Day 5 So on a sunny Saturday morning we set up in the garden and painted the flat pieces then collaged many pictures on to it. All Mum’s favourite things, plants, birds and nature, it looked beautiful and we arranged the colours like the chakras, starting with red at her feet up to purple at her head. We could tick it off of Mum’s ‘to do’ list finally.

There was a lovely bedspread with wildflowers and poppies on it, which we decided to line it with when the time came. I looked online for how to do the lining but it all looked a bit flashy, lots of silk and pleats. In the end Tim, from Tim Hutchins Funeral Home and his team put in the lining and made a cover to go over Mum’s lower half, it was perfect.

Part of the health system is that we needed to look for  permanent care for Mum, at hospital level, if she survived. It was a confusing time for us as it didn’t seem that Mum would recover but on the other hand she might go on in a kind of half life for an unknown time. It was distressing to think of her, dependent on others for her care and unable to communicate clearly. There was no way our set up at home could manage her care without major alterations, and even then the prospect seemed hugely daunting.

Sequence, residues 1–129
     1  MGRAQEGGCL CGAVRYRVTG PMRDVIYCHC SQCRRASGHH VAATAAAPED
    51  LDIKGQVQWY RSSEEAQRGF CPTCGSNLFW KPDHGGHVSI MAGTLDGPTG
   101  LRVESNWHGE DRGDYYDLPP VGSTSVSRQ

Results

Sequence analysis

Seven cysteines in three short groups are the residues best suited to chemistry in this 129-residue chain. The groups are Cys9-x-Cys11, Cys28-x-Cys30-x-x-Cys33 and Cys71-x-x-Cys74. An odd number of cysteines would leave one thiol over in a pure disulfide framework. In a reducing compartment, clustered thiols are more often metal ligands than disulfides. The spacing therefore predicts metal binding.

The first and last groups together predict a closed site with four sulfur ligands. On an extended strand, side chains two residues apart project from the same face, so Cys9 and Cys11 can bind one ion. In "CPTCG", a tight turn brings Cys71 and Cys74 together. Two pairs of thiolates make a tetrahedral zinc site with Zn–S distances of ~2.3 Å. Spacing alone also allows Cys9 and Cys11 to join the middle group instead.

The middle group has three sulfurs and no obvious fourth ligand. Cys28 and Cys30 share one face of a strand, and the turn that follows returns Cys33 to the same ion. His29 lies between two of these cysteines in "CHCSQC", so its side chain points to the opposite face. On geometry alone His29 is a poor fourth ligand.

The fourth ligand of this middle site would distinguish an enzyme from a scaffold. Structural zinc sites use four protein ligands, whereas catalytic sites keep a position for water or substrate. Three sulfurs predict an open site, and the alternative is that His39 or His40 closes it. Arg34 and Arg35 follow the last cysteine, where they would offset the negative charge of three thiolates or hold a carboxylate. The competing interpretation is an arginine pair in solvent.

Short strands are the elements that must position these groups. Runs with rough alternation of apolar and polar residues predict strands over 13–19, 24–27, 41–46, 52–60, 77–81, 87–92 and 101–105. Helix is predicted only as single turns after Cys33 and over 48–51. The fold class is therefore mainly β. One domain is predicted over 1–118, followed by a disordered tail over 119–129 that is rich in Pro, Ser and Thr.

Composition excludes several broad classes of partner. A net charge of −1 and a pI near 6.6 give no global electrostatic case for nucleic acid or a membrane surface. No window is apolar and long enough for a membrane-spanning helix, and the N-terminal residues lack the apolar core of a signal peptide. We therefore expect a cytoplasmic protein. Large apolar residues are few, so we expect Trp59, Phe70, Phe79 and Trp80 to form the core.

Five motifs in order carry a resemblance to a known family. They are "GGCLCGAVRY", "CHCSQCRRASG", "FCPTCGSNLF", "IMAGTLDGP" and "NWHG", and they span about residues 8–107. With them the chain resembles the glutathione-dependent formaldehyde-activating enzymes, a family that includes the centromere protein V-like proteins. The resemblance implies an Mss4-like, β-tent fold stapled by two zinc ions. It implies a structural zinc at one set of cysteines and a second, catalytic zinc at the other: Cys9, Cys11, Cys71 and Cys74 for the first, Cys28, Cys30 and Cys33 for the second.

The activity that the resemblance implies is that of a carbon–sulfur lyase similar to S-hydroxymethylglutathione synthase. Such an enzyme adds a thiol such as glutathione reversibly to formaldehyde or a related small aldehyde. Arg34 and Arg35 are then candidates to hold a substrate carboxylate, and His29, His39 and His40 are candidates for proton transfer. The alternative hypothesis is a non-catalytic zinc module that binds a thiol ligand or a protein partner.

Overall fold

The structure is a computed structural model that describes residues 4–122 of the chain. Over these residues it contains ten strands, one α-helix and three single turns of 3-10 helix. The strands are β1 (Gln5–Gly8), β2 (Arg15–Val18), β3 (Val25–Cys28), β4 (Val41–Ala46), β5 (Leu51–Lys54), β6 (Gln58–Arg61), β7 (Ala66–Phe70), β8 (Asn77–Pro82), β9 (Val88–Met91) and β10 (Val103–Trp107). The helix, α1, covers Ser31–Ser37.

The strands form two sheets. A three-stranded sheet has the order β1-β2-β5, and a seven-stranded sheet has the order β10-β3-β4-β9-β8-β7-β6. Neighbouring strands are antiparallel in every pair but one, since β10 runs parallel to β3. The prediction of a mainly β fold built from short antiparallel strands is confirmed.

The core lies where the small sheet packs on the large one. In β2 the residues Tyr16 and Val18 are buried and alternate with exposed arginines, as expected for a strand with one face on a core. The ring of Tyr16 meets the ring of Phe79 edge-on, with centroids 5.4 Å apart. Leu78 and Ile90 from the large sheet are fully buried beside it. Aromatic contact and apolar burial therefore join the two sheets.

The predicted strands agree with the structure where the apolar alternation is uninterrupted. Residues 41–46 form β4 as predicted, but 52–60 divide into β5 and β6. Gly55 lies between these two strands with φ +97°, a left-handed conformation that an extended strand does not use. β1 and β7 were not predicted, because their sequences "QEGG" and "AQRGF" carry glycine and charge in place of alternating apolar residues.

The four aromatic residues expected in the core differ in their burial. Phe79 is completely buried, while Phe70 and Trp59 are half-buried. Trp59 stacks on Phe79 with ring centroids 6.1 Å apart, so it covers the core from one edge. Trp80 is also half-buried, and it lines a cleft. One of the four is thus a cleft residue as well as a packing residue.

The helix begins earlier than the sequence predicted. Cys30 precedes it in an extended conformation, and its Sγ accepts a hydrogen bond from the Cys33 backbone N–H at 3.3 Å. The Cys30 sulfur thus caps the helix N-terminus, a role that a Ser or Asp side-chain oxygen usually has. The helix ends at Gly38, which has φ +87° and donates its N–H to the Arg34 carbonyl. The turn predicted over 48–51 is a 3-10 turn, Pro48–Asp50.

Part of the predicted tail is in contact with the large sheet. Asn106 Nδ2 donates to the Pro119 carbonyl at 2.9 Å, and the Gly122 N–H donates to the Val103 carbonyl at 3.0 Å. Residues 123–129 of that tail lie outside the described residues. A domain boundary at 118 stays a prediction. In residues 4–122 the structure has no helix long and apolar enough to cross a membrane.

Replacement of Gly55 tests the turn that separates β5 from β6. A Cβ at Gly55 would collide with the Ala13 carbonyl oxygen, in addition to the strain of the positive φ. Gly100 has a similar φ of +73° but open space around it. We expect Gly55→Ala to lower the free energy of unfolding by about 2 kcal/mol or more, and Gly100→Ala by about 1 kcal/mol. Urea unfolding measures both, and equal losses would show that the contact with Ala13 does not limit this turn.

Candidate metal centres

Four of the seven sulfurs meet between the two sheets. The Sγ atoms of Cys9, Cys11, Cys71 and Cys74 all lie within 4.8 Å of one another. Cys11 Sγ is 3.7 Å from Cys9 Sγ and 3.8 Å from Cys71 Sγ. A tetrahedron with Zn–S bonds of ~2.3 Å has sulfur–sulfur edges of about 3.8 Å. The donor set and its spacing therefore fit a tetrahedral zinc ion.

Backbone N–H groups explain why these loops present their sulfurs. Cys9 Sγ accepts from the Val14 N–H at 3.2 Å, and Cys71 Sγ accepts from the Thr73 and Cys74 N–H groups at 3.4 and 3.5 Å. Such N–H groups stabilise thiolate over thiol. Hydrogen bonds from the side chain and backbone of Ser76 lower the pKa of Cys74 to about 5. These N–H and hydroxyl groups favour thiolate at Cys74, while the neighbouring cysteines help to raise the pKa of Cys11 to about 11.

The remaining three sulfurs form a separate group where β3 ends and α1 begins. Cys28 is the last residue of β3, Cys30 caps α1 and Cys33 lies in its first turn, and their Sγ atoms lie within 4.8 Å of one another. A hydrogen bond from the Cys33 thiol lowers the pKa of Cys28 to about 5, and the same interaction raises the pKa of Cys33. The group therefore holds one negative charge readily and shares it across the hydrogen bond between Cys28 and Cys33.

We looked at a number of options, looking for a small scale set up, which looked homely and wasn’t too slick. The one we liked best had colourful images of the rooms, and even a visiting dog. Sadly we thought if Mum had been in good shape she would have loved it, outings to have fish and chips at the beach, sing alongs and film nights. Many retirement villages have hospital care set ups, but these are mostly used by residents in the village, so most local places had no vacancies. The Social Worker at the hospital gave us a list of options , which had vacancies at the level of care Mum would need. Apparently there is a Government subsidy for folk who don’t have much in the way of savings, and Mum would have been able to pay the rest from her pension. In the end we met with the manager of our chosen option, she looked at Mum and suggested we wait a few days before moving forward. I think it was obvious to her if not to us that Mum was dying.